Better Days: An Open Letter to My Best Friend

Hey, love.

Remember that time we kicked our shoes off to dance and you did the Cha-Cha with stranger man at a local restaurant? Fuzzy, right?

Remember that time I hopped behind the bar at yet another local restaurant and acted like I was Tom Cruise in Cocktail? That one is a little fuzzy too.

Remember that time at the Sarah McLachlan concert when our crew opted to watch the concert from the tv’s at the bar instead of our seats so we wouldn’t fall asleep? So many fuzzy parts there.

Remember all the New Year’s Eve celebrations? Me neither.

Remember the first time we met? Very fuzzy because it seems so long ago.

Remember the time you got the cancer call at Kindergarten pick up? I remember every damn detail.

So many memories with you and yet they’ve all been simplified into two categories now: Before Cancer and After Cancer. Oh, and then there’s the sub-category of Cancer During a Damn Pandemic. Wanna throw my divorce on the pile? Sure, why not? Let’s see how many head-tilts we can rack up in one year.

I’ve stayed fairly quiet on this subject for a couple of reasons. None of them are as important as the following– this wasn’t my story to tell. This is yours. I’m a secondary character in this story. Some might say I have a supporting role. My job was to listen, to learn and to hold you up. Literally hold you up at times. In fact, that was my first job when the call came in. Remember that? The only time I ever remember entering that kind of black tunnel is when I’m about to pass out from seeing too much blood. This time, there was no blood that we could easily clean up and make disappear. Only words like breast, cancer, oncologist, immediately, and options. Words that do the opposite of disappear….they linger on.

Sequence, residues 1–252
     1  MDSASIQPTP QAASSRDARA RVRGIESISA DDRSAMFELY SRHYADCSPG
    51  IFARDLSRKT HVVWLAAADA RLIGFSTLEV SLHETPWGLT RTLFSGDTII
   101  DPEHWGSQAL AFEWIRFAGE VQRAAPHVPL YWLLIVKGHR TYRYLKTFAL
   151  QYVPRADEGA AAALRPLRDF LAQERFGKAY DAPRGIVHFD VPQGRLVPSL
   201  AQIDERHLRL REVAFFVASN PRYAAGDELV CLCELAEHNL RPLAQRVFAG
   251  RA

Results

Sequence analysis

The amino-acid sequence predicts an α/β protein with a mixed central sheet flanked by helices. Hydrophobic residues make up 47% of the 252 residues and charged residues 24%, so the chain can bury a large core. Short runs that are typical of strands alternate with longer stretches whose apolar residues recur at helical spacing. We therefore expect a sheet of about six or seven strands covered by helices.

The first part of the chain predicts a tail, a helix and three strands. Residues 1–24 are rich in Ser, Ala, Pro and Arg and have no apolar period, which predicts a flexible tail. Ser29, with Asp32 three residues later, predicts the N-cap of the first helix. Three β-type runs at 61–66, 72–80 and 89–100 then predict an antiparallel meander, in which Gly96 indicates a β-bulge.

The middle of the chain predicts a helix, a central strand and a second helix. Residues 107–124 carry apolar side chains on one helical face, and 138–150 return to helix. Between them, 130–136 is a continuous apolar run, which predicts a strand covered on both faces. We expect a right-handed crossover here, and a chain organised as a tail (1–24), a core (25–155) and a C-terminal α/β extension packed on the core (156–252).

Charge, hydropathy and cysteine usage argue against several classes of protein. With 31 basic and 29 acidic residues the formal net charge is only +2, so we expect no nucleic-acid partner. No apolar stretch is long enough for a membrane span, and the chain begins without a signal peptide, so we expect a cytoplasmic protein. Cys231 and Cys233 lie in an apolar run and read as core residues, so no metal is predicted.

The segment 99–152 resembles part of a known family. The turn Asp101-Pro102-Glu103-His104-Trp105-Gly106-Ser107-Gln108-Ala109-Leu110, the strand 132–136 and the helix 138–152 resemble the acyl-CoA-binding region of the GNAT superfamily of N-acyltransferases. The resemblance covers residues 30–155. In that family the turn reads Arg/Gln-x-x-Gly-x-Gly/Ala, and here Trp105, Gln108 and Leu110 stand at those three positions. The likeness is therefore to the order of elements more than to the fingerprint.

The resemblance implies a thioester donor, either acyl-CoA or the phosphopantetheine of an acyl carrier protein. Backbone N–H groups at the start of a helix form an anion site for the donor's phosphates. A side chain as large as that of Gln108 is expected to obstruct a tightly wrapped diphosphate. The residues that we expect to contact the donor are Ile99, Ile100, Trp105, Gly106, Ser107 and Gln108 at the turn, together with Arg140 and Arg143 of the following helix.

I remember picking up our Littles, only in Kindergarten and First Grade at the time. I remember thinking we need to protect them. Don’t let them see us cry. Don’t let them see me holding their Mommy up. Thank God for that rock wall we found to sit on. And thank God for the tree that the kids played in while we sat stunned on said wall. And for all the awful blows we sustained in that short period of time, I will also never forget how quickly your tribe mobilized. I’ve never seen a group of women kick into action faster. In seconds, we had your children squared away through dinner and your husband on his way to take you to the doctor. I remember it all.

You know what else I remember? Your constant grace and perpetual positivity. You were given ample opportunities to throw in the towel and throw your hands in the air. But you didn’t. Instead, you did what you do. You made friends with every single nurse, doctor, and fellow patient. You encouraged others. You raised others up. You became a light in others darkness. Including mine. Thank you for that.

I recently watched a documentary called “Kindness is Contagious.” You know what else I think is contagious? Strength. Remember that time we didn’t know what to do when changing your damn port? We read those directions at least 20 times and acted like we were dismantling a ticking bomb. After we did it, we laughed. Then we cried. HOW did this happen, we asked??? How did we go from laughing over wine to crying over tea and ports??? But we did it. Strength. Strength is the inherent capacity to manifest energy, to endure and to resist. We had strength. YOU have strength.